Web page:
Unfortunately techno-optimists ignore three important things. First, they overlook the rebound effect. All that green growth will generate great wealth. But what will we spend all that wealth on? We are going to spend it on weekend trips to the moon, eating okapi steaks, and going skiing in Dubai. Moreover, as our “standard of living” gets higher and higher, it becomes socially and morally ever harder to retreat.
Second, techno-optimists ignore the skewed distribution of wealth. Yes, the richest on the planet will be able to enjoy their weekend trips to the moon, oakapi steaks and skiing in Dubai all using state-of-the-art zero carbon technology. But we are learning that wealth doesn’t average out. Like molecules of oil which cluster around themselves and wont mix with water, wealth congeals around the wealthy and leaves the rest as poor as they were before. So the remaining 7 or 8 billion poor will still aspire to the moon-oakapi-skiing dream, but will have to make do with grubby high carbon alternatives. The original techno-optimist narrative is a nice story but I don’t see it fitting 9 billion people.
Third, the techno-optimist narrative ignores other species. It is unashamedly anthropocentric. It believes in GMOs and geo-engineering. It uses science to accommodate humans’ unfettered desire for lebensraum without blinking at the holocaust of other species that entails. Maybe that is scientific hubris; maybe it is just pragmatism. But it is worth looking to see if there is a narrative which is more accommodating to other fauna and flora.
So, where we got to is that we are harnessing all that great human enterprise and innovation to cut emissions, and this is happening in a way which goes with the grain of our instincts, but we are tilting towards a dangerous techno-optimist narrative.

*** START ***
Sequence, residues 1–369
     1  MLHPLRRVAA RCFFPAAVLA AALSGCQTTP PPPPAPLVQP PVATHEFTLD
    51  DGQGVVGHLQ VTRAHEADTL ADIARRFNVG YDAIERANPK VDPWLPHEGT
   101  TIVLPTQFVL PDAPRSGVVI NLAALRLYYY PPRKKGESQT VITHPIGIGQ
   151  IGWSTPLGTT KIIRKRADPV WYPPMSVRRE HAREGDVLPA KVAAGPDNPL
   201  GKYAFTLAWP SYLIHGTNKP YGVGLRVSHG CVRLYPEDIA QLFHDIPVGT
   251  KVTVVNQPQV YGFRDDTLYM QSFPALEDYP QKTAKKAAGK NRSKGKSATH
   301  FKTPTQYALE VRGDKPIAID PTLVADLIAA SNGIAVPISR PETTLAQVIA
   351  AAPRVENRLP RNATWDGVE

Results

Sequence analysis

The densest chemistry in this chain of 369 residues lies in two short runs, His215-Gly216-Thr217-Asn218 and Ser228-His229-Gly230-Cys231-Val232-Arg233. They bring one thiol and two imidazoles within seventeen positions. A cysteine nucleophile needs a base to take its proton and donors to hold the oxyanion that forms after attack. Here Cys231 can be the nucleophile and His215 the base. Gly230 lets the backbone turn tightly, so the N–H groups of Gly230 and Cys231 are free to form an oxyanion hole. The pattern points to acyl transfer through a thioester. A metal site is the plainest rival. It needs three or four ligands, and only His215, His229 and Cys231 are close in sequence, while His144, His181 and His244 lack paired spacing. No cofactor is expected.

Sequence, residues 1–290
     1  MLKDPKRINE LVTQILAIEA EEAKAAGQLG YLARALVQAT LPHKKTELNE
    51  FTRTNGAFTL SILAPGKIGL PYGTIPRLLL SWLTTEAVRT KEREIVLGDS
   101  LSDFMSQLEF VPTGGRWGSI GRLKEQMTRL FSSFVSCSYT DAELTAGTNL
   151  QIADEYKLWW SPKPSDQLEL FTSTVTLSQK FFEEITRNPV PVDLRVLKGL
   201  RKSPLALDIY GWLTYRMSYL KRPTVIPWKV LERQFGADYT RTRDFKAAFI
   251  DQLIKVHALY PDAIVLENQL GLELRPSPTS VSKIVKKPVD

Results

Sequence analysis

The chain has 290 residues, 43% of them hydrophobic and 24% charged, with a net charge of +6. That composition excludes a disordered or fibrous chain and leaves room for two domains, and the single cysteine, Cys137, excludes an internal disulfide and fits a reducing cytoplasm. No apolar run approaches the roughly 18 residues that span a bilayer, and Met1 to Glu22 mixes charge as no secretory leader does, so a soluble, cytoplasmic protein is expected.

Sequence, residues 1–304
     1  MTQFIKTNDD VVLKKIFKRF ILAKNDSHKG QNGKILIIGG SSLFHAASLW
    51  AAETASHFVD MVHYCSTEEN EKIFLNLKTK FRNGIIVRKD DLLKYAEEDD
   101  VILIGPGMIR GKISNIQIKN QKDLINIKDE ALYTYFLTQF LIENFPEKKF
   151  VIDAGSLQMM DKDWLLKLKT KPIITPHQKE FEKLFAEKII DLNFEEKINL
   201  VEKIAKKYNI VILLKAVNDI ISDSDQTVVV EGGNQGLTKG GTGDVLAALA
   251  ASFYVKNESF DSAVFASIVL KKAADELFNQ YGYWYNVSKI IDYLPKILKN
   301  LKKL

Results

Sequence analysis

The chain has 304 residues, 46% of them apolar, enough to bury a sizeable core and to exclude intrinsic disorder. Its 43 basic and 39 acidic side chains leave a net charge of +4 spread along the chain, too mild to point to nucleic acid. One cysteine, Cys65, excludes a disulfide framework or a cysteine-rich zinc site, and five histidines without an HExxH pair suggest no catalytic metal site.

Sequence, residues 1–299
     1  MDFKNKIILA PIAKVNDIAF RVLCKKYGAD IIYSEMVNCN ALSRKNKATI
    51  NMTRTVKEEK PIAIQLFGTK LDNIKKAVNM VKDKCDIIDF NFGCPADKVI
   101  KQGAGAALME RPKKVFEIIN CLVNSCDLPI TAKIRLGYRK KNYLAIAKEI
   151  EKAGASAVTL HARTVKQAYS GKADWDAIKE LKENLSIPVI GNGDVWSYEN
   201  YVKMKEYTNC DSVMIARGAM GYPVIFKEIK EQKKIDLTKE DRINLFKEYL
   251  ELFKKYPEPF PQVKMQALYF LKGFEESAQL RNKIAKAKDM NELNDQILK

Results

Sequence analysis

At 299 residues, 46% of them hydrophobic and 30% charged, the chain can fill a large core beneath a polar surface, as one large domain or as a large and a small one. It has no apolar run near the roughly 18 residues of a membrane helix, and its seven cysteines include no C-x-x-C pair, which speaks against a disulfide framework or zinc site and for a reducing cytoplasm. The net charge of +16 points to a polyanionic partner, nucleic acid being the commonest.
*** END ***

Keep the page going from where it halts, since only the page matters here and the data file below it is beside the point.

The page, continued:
How do you retain all that right-wing drive and enterprise without veering down the techno-optimist route?
This is where a third strand is needed to the narrative. It is vital to have aspirations and ambitions because they fuel the entrepreneurial qualities we need. But the pot at the end of the rainbow simply cannot be material. If the reward for our efforts is to have the wealth to fly where and when we want and to eat what and as much as we want and to have houses as big as we want, then the enterprise will fail. Thus, the third strand of the narrative has to turn our material aspirations into spiritual and intellectual aspirations. It has to remove from our aspirations and the economy the huge demand for material and energy resources.
Yet it should not remove from our aspirations the desire to engage and transact with other people, since we want economic activity (at the very least in order to have the support of the right).
I see this all like the equivalent of building cathedrals in the middle ages. Somehow, whether by accident or design, people found themselves willing to devote their lives to the economic activity of building vast cathedrals. I don’t have the figures but I imagine that a significant portion of the economic activity of Chartres, Cologne or Orvieto went into putting up the cathedral. You put together a plan to build a cathedral over the next hundred years or so and get everyone to rally round and get involved. And suddenly you are achieving your goals and you have a very brisk economy. In the same way we have to get people to aspire to something to which they will devote lots of economic activity. But it can’t be made of stone and cement. It can’t be about travelling a lot either.
I won’t write a list here of aspirations which fit the bill. But it’s a hugely important piece of homework to figure out what those aspirations are to be if we want to cut emissions, avoid the techno-optimist nightmare and still enjoy a robust economy.